PPBRD (E2h) Command Sequence . . . . . . . . . . . . . . . . . . . . . . . . . . . . . . . . . . . . . . . . . .
PPBP (E3h) Command Sequence. . . . . . . . . . . . . . . . . . . . . . . . . . . . . . . . . . . . . . . . . . . .
PPB Erase (PPBE E4h) Command Sequence . . . . . . . . . . . . . . . . . . . . . . . . . . . . . . . . . .
PPB Lock Register Read Command Sequence . . . . . . . . . . . . . . . . . . . . . . . . . . . . . . . . .
PPB Lock Bit Write (PLBWR A6h) Command Sequence . . . . . . . . . . . . . . . . . . . . . . . . . .
Password Read (PASSRD E7h) Command Sequence . . . . . . . . . . . . . . . . . . . . . . . . . . . .
Password Program (PASSP E8h) Command Sequence. . . . . . . . . . . . . . . . . . . . . . . . . . .
Password Unlock (PASSU E9h) Command Sequence . . . . . . . . . . . . . . . . . . . . . . . . . . . .
Software Reset (RESET F0h) Command Sequence . . . . . . . . . . . . . . . . . . . . . . . . . . . . . .
Mode Bit (MBR FFh) Reset Command Sequence. . . . . . . . . . . . . . . . . . . . . . . . . . . . . . . .
January 21, 2015 S25FL512S_00_09
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111
112
112
112
113
113
114
114
115
115
115
116
116
117
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S hee t
Tables
Table 1.1
Table 1.2
Table 1.3
Table 1.4
Table 1.5
Table 2.1
Table 3.1
Table 4.1
Table 5.1
Table 5.2
Table 5.3
Table 6.1
Table 6.2
Table 6.3
Table 6.4
Table 6.5
Table 6.6
Table 7.1
Table 8.1
Table 8.2
Table 8.3
Table 8.4
Table 8.5
Table 8.6
Table 8.7
Table 8.8
Table 8.9
Table 8.10
Table 8.11
Table 8.12
Table 8.13
Table 8.14
Table 8.15
Table 8.16
Table 8.17
Table 8.18
Table 9.1
Table 9.2
Table 9.3
Table 10.1
Table 10.2
Table 10.3
Table 10.4
Table 10.5
Table 10.6
Table 10.7
Table 10.8
Table 10.9
Table 11.1
Table 11.2
Table 11.3
Table 11.4
Table 11.5
Table 11.6
10
Maximum Read Rates with the Same Core and I/O Voltage (VIO = VCC = 2.7V to 3.6V) . . . . 4
Maximum Read Rates with Lower I/O Voltage (VIO = 1.65V to 2.7V, VCC = 2.7V to 3.6V) . . . 4
Maximum Read Rates DDR (VIO = VCC = 3V to 3.6V) . . . . . . . . . . . . . . . . . . . . . . . . . . . . . . 4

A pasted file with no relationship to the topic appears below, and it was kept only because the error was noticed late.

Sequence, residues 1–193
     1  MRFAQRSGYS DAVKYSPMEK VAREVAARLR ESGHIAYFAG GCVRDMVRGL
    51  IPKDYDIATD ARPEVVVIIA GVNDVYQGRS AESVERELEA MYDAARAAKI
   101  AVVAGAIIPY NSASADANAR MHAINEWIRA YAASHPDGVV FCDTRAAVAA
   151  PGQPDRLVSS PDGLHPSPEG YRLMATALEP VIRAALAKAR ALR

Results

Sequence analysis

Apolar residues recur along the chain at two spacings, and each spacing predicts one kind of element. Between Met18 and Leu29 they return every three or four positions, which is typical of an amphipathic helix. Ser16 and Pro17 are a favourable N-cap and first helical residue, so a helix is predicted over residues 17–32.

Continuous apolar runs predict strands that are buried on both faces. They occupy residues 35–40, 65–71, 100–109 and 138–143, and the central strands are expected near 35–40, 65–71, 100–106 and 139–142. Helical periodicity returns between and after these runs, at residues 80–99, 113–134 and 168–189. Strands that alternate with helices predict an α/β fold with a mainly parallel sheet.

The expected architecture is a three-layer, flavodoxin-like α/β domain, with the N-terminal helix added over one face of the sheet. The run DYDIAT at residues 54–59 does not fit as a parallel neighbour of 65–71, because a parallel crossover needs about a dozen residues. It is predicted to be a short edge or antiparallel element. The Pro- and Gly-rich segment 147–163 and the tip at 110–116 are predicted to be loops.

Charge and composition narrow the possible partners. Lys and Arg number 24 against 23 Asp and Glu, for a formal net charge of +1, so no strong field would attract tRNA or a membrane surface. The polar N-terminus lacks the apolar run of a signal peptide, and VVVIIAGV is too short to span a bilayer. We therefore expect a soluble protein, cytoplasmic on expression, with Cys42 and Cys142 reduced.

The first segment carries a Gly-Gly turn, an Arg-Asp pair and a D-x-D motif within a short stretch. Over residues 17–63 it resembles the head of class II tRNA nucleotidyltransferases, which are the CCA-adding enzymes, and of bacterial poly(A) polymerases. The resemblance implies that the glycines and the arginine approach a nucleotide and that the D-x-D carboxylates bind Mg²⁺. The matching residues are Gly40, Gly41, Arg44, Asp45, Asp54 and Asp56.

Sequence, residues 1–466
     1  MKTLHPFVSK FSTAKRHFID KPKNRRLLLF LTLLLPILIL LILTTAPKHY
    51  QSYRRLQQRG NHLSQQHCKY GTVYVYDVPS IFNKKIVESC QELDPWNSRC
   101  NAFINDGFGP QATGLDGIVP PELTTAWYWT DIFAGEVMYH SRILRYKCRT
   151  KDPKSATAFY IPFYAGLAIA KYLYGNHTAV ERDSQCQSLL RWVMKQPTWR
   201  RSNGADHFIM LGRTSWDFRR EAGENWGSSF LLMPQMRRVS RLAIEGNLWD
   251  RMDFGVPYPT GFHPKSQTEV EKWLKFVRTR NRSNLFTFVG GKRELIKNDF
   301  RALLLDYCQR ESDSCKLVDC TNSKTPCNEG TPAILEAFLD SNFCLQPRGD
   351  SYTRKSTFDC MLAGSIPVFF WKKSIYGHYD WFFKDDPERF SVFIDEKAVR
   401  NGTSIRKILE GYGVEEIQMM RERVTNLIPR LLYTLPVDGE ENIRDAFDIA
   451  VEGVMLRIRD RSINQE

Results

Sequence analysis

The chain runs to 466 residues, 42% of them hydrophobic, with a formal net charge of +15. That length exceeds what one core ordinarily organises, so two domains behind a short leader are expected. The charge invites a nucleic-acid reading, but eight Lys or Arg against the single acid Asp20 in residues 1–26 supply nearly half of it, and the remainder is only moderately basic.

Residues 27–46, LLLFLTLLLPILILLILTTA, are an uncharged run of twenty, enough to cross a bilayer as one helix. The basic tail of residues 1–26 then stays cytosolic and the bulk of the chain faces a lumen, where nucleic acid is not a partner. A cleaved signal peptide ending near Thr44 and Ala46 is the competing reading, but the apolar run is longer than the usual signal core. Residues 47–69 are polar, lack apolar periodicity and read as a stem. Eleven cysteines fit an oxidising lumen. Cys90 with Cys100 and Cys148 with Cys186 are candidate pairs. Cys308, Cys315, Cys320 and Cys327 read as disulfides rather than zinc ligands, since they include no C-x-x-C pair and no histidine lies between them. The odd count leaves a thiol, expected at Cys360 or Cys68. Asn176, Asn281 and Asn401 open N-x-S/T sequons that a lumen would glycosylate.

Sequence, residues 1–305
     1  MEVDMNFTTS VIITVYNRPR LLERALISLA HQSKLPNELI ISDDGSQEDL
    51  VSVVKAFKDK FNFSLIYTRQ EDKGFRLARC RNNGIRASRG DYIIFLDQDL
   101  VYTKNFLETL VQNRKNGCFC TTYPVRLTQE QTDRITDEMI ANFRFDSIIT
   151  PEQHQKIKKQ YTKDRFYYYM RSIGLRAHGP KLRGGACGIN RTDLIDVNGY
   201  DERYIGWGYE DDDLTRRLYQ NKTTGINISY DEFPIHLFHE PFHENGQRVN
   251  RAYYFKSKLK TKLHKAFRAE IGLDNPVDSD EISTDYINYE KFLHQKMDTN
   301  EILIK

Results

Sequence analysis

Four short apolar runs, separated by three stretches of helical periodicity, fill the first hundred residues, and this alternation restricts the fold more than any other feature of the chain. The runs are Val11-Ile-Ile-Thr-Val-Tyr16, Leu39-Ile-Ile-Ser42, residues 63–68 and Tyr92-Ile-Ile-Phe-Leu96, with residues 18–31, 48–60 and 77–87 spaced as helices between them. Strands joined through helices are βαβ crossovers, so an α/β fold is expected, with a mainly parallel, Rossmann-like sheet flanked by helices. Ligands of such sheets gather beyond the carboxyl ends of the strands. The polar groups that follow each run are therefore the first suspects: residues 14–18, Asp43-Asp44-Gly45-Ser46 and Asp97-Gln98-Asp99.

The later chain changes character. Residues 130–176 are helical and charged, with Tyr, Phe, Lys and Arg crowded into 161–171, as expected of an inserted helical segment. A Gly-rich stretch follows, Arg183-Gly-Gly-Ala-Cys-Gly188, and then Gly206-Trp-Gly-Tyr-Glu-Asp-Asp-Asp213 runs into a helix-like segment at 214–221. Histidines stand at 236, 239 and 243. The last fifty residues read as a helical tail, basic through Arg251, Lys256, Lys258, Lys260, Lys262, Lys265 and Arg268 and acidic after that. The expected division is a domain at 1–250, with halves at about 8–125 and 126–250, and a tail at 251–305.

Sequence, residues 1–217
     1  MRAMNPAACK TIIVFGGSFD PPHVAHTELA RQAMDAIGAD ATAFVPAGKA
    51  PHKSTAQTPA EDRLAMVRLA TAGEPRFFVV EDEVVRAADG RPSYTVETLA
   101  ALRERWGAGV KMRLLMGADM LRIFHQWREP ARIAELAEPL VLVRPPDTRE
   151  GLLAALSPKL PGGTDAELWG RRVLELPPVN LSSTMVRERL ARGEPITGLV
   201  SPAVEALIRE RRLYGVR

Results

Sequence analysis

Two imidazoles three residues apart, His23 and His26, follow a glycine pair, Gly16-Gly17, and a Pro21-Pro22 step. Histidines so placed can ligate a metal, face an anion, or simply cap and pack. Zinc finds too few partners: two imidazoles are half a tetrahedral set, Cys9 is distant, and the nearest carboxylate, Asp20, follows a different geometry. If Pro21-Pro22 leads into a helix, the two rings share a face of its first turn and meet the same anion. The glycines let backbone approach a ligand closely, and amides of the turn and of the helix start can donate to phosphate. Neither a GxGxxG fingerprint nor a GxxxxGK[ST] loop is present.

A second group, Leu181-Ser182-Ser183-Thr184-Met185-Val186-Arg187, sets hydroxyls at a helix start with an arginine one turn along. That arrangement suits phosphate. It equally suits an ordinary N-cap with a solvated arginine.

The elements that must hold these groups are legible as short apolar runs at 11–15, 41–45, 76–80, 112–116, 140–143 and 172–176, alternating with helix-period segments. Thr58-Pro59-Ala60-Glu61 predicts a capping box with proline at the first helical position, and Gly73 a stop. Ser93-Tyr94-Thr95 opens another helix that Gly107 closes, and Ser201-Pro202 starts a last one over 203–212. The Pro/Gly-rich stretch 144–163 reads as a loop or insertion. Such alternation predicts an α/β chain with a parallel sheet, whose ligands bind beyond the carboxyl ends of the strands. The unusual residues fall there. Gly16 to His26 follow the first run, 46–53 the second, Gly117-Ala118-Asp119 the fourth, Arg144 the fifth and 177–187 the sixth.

Typical Program and Erase Rates . . . . . . . . . . . . . . . . . . . . . . . . . . . . . . . . . . . . . . . . . . . . . . 4
Current Consumption. . . . . . . . . . . . . . . . . . . . . . . . . . . . . . . . . . . . . . . . . . . . . . . . . . . . . . . . 4
FL Generations Comparison . . . . . . . . . . . . . . . . . . . . . . . . . . . . . . . . . . . . . . . . . . . . . . . . . 13
Signal List . . . . . . . . . . . . . . . . . . . . . . . . . . . . . . . . . . . . . . . . . . . . . . . . . . . . . . . . . . . . . . . 16
Interface States Summary . . . . . . . . . . . . . . . . . . . . . . . . . . . . . . . . . . . . . . . . . . . . . . . . . . . 27
Absolute Maximum Ratings . . . . . . . . . . . . . . . . . . . . . . . . . . . . . . . . . . . . . . . . . . . . . . . . . . 33
Power-Up / Power-Down Voltage and Timing . . . . . . . . . . . . . . . . . . . . . . . . . . . . . . . . . . . . 35
DC Characteristics . . . . . . . . . . . . . . . . . . . . . . . . . . . . . . . . . . . . . . . . . . . . . . . . . . . . . . . . . 36
AC Measurement Conditions . . . . . . . . . . . . . . . . . . . . . . . . . . . . . . . . . . . . . . . . . . . . . . . . . 38
Capacitance . . . . . . . . . . . . . . . . . . . . . . . . . . . . . . . . . . . . . . . . . . . . . . . . . . . . . . . . . . . . . . 38
Hardware Reset Parameters . . . . . . . . . . . . . . . . . . . . . . . . . . . . . . . . . . . . . . . . . . . . . . . . . 40
AC Characteristics (Single Die Package, VIO = VCC 2.7V to 3.6V) . . . . . . . . . . . . . . . . . . . . 41
AC Characteristics (Single Die Package, VIO 1.65V to 2.7V, VCC 2.7V to 3.6V) . . . . . . . . . . 42
AC Characteristics DDR Operation . . . . . . . . . . . . . . . . . . . . . . . . . . . . . . . . . . . . . . . . . . . . 45
Model Specific Connections. . . . . . . . . . . . . . . . . . . . . . . . . . . . . . . . . . . . . . . . . . . . . . . . . . 48
S25FL512S Sector and Memory Address Map, Uniform 256-kbyte Sectors. . . . . . . . . . . . . 54